Staff members, Volunteers keep Dublin Food Pantry Well-Stocked to Help Others
A. Kevin Corvo The Columbus Dispatch Dublin ThisWeek Published Nov. 17, 2021
The Dublin Food Pantry located at 81 W. Bridge St. in Dublin, is open for a few hours three days of the week, but the preparations to provide it, led by Denise Youngsteadt-Parrish, executive director, Jim Wilson, director of operations. and a cadre of volunteers is a weeklong effort.
“It’s just so rewarding to be here and help,” said Maureen Duecker, a Dublin resident who on Nov. 15 was among the volunteers sorting 3,000 pounds of food that had been picked up by volunteers from MidOhio Food Collective. The food is unloaded from a truck, carried into the pantry and sorted by a dozen volunteers for three to four hours, Wilson said.
The pantry also is stocked with food donated by such stores as all 3 Dublin area Kroger stores, Giant Eagle, Meijer, Trader Joe’s, Whole Foods and more. “Our volunteers pick up the food in their own cars,” Wilson said.“
These deliveries are typically bread and produce and other perishables that are being removed from the grocer’s shelves for the day’s latest deliveries at those stores, he said.
The food pantry also buys food from a variety of places, including the occasional purchase of fresh fish from a market or other specialty items, Wilson said.
Like virtually every food pantry in America, the number of families seeking assistance has grown since the beginning of the COVID-19 coronavirus pandemic, Youngsteadt-Parrish said.
The pantry was serving about 250 families a month when Youngsteadt-Parrish became its executive director in March of 2019, one year before the pandemic impact began.
Today, nearly two years into the pandemic, it is serving at least 400 and sometimes as many as 500 families a month, especially near a holiday such as Thanksgiving, Youngsteadt-Parrish said.
“But our community rises to the occasion,” she said, as holiday food drives by local businesses, support from the city of Dublin and help from other quarters typically, but not always, allow the pantry to meet increased calls for service.
The Dublin Food Pantry is the designated charitable organization of the Dublin Irish Festival, said Christine Nardecchia, director of outreach and engagement for Dublin. City volunteers harvest produce grown at the Giving Garden at the historic Coffman Homestead in Coffman Park that also is provided to the pantry, Nardecchia said.
Before COVID-19, the Dublin Food Pantry was a “choice” store, one in which patrons could push a shopping cart and make selections like any other grocery store, but the pandemic required a change still in place in which patrons are supplied a prepacked box of food staples picked up at a drive-thru outside the church on days of operation.
“It’s unfortunate we had to stop (in-person shopping) because of COVID,” Youngsteadt-Parrish said, but pantry leaders are considering resuming the practice.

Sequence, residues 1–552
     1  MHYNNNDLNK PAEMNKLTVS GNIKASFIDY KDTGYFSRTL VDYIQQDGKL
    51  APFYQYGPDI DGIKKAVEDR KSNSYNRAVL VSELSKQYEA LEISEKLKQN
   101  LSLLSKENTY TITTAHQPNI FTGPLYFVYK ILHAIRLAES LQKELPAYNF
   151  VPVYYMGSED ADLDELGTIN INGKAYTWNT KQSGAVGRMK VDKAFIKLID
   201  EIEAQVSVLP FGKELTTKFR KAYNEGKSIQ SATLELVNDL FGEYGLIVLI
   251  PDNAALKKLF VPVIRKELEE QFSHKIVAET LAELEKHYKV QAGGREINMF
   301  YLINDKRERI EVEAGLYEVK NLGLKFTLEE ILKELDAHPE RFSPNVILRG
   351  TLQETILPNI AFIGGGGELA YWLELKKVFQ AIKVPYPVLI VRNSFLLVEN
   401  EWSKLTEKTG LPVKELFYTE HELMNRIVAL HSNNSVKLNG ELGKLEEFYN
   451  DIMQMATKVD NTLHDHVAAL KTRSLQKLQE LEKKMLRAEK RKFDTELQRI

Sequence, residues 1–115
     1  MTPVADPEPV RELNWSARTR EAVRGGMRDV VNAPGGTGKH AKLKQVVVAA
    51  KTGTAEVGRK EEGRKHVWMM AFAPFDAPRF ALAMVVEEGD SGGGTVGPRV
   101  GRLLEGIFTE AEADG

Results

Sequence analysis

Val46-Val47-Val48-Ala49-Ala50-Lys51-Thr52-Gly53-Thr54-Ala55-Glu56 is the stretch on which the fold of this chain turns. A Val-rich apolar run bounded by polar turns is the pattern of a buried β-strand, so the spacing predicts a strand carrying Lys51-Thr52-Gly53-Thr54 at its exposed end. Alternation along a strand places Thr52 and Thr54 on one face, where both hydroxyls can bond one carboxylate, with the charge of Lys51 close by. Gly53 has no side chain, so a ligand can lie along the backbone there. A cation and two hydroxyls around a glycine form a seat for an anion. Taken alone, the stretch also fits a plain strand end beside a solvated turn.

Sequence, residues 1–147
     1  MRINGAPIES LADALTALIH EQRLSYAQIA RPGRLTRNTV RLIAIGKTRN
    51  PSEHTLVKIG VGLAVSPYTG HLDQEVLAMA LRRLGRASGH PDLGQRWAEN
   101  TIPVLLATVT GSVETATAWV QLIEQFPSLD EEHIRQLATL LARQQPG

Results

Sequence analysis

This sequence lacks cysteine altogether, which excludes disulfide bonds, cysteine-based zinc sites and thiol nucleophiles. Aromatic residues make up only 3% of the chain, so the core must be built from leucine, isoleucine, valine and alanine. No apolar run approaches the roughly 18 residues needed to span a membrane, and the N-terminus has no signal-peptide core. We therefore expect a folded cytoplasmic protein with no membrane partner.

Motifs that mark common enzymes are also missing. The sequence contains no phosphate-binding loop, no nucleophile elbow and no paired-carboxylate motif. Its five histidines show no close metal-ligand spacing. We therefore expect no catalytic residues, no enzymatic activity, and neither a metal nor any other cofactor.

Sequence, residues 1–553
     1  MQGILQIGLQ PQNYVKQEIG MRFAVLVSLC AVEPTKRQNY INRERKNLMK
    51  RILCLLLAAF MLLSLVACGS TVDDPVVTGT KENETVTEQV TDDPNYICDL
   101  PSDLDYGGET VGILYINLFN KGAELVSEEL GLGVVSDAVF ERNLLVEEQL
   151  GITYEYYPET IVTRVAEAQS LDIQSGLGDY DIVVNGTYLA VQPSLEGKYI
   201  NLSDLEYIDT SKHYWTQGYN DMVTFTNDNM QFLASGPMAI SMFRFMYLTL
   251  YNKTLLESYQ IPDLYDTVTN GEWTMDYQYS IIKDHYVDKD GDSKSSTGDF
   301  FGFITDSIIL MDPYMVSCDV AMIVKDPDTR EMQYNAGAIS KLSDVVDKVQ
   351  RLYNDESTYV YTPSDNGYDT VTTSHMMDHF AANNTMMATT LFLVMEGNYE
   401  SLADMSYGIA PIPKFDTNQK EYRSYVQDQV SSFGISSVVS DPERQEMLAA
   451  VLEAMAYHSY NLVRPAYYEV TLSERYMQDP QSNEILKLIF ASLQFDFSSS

“We have given it lots of thought (and) hope it is something we can start up again next year,” Wilson said.
Supplying food isn’t the only way the pantry helps those in need.
Youngsteadt-Parrish arrived at Dublin Community Church one morning to find a vehicle with a flat tire and a family who had slept in it in the parking lot.
“We found them a tire and sent them on their way,” Youngsteadt-Parrish said.
She said she does not know exactly how many, but it is not uncommon for those who are utilizing the pantry to also be homeless, including those in Dublin.
“The faces of the people who need our help aren’t the faces you think,” Youngsteadt-Parrish said. “Being homeless looks different in Dublin. It’s not tents along the river. It’s couch surfing,” which refers to the practice of staying with different family members or friends, often to keep children in the same school district.
Dublin City Schools makes referrals to the food pantry when it learns a family could utilize its services in addition to conducting food drives to benefit it.
But for all the support the Dublin Food Pantry receives from the community, it still isn’t always enough, Youngsteadt-Parrish said.
“We can’t do it all but we always do the best we can,” she said.
The Dublin Food Pantry was established in 1976 and serves families in Dublin and the Dublin City Schools, but it will provide one-time assistance to anyone in need.
“We won’t turn anyone away without something,” said Youngsteadt-Parrish, adding that those living outside the Dublin school district are provided resources to find assistance in the area they live.
No application is required to receive assistance, but photo identification and proof of an address is required on a first visit. If the person or family is homeless, the address of the pantry is used, Youngsteadt-Parrish said.
For information about donating to the pantry, go to dublinfoodpantry.org
The Dublin Food Pantry is open from 5:30 to 7:15 p.m. Mondays, 10 a.m. to 11:45 a.m. Tuesdays and 4 to 6:15 p.m. Thursdays.